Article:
Revolution Girl Style Still
By Blaine Ewig
Evergreen alumni Kathi Wilcox graciously agreed to do an interview with the Cooper Point Journal. While she was a student, Wilcox played in the band Bikini Kill. The group made waves in the world of punk music with their feminist messages and confrontational presence. Last month, Wilcox’s new project The Julie Ruin played a show at the Capitol Theater. In the following interview, Wilcox reflects on her time at Evergreen, Bikini Kill’s impact and lasting influence, and gives some insight into The Julie Ruin.
Blaine Ewig: How do you feel about coming back to Olympia?
Kathi Wilcox: I’m excited to come back to Olympia! I lived here for so many years that it’s always going to be a special place for me. I was visiting last year and noticed that some things had changed, particularly downtown. It seems to have more going on than when I lived there: more restaurants and shops, more people walking around. I’m excited to play a show in Olympia again. I haven’t played here for probably 15 years.
BE: What was your experience at The Evergreen State College like?
KW: I really loved going to school at Evergreen. I always knew that’s where I wanted to go to college, from my very first visit to the campus when I was 16. My first year I did the Great Books core program because I really just wanted to read books for a whole year. It was the best. The faculty were great that year, too. Richard Alexander would give these amazing rambling lectures. From my second year on I took film, music, and media studies programs. It was kind of idyllic. I feel like I was totally spoiled at the school, there were so many resources and great teachers. A few days after graduation, I left on tour with Bikini Kill and didn’t come back to Olympia for over a year. It was an abrupt goodbye.
– Kathi Wilcox
BE: What does riot grrrl mean to you?
KW: It’s the name the media put on a feminist punk rock movement that Bikini Kill was a part of in the ‘90s. Kathleen started the riot grrrl meetings as a way for women to meet up and talk about doing art, music, and other projects. It was also the name of a fanzine, and then it became a catch-all name for a whole feminist punk rock scene. To me, it was something that was going on at the same time as Bikini Kill and kind of parallel to our band, though we weren’t all directly involved in it.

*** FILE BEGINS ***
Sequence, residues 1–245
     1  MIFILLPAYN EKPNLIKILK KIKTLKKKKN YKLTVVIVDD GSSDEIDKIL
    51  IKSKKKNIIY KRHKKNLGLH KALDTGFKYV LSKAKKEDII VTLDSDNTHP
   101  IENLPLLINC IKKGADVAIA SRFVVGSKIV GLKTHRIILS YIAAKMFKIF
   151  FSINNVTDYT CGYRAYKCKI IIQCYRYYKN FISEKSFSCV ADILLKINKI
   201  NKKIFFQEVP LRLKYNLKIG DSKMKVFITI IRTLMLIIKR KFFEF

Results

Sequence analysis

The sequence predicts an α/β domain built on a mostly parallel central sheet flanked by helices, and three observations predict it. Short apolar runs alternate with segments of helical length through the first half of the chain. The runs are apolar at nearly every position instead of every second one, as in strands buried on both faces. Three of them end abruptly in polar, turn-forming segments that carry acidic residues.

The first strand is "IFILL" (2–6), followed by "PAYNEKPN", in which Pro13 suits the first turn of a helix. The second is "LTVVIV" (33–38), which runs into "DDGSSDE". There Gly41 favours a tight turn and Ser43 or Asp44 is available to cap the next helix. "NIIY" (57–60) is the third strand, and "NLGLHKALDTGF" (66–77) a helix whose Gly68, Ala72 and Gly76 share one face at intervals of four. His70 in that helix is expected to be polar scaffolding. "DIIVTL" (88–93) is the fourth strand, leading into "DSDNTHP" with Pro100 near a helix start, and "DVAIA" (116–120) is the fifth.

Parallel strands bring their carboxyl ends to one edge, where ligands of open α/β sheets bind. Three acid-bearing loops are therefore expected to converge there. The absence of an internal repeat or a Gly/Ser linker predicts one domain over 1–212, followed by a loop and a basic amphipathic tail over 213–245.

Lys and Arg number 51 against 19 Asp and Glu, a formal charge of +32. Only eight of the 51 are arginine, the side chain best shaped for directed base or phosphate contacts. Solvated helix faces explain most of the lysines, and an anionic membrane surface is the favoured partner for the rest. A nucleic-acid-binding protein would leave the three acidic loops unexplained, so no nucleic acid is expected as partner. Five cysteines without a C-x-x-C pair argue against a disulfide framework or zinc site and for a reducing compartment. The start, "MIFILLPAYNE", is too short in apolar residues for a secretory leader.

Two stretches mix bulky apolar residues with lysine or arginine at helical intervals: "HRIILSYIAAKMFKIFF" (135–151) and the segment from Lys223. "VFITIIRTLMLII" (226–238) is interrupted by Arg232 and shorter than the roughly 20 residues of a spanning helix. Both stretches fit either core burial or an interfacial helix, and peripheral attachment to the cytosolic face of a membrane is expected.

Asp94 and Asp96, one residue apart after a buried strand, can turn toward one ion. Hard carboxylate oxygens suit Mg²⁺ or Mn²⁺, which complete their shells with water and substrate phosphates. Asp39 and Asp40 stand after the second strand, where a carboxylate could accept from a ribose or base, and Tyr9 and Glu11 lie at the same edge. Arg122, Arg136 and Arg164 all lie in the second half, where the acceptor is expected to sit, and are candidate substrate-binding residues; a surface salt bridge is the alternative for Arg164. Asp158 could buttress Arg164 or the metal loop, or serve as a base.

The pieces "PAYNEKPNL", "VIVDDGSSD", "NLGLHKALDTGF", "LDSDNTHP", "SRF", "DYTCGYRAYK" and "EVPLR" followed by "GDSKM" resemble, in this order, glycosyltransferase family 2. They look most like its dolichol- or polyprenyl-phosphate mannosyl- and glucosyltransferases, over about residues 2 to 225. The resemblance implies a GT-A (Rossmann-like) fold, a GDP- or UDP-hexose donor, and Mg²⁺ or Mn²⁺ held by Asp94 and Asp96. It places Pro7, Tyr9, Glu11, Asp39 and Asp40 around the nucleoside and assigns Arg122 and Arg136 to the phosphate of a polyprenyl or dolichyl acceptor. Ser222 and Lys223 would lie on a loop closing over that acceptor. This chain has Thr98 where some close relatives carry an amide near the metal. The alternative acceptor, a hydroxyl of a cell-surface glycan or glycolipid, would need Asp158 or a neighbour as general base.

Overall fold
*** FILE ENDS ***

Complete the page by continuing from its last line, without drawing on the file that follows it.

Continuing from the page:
BE: I’ve read that the riot grrrl movement “ended” around ‘94, the same time that many of today’s students were born. What do you think riot grrrl’s effects on music, society, or pop culture might have been, and how are we experiencing that today?
KW: I’m not sure when they stopped having meetings, it might have been around 1994. But I think the ideas of that movement continue to inspire people, at least judging from the emails we continue to get. The Julie Ruin just did a short tour of the east and west coasts and after every show people came up to me and Kathleen to tell us how much Bikini Kill meant to them, how much the riot grrrl movement meant to them. And these were young people who weren’t even around when we were a band. The feelings and attitude behind all that still resonates with people.
BE: How is The Julie Ruin different from projects you’ve been involved with in the past? What are your goals?
KW: For me personally, the main difference in this band from other projects is that I’m singing a lot more backup vocals. I’ve always been in bands with friends, so this is a continuation of that. We all get along in this band and enjoy each other’s company. Mostly, I’m just appreciating that.
BE: Is The Julie Ruin a punk band?
KW: Absolutely! Stylistically, our songs are pretty diverse. But we put out this record on our own with no help from a record label — we created our own label to do it. This band is actually more DIY than any band I’ve been in before. We don’t even have a roadie!